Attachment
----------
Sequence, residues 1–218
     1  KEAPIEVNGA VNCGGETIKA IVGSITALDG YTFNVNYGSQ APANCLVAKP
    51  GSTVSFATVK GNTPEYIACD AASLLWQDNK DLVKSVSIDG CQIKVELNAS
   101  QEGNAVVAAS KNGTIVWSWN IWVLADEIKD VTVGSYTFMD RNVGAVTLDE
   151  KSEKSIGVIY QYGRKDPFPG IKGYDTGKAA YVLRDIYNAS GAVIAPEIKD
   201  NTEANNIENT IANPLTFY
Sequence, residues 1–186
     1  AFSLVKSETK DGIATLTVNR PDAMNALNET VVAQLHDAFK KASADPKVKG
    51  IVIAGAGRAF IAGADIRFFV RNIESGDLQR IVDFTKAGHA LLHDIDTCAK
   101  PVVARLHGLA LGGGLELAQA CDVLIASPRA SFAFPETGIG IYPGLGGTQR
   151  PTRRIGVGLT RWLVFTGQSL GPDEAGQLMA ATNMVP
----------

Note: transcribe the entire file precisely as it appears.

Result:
Sequence, residues 1–218
     1  KEAPIEVNGA VNCGGETIKA IVGSITALDG YTFNVNYGSQ APANCLVAKP
    51  GSTVSFATVK GNTPEYIACD AASLLWQDNK DLVKSVSIDG CQIKVELNAS
   101  QEGNAVVAAS KNGTIVWSWN IWVLADEIKD VTVGSYTFMD RNVGAVTLDE
   151  KSEKSIGVIY QYGRKDPFPG IKGYDTGKAA YVLRDIYNAS GAVIAPEIKD
   201  NTEANNIENT IANPLTFY
Sequence, residues 1–186
     1  AFSLVKSETK DGIATLTVNR PDAMNALNET VVAQLHDAFK KASADPKVKG
    51  IVIAGAGRAF IAGADIRFFV RNIESGDLQR IVDFTKAGHA LLHDIDTCAK
   101  PVVARLHGLA LGGGLELAQA CDVLIASPRA SFAFPETGIG IYPGLGGTQR
   151  PTRRIGVGLT RWLVFTGQSL GPDEAGQLMA ATNMVP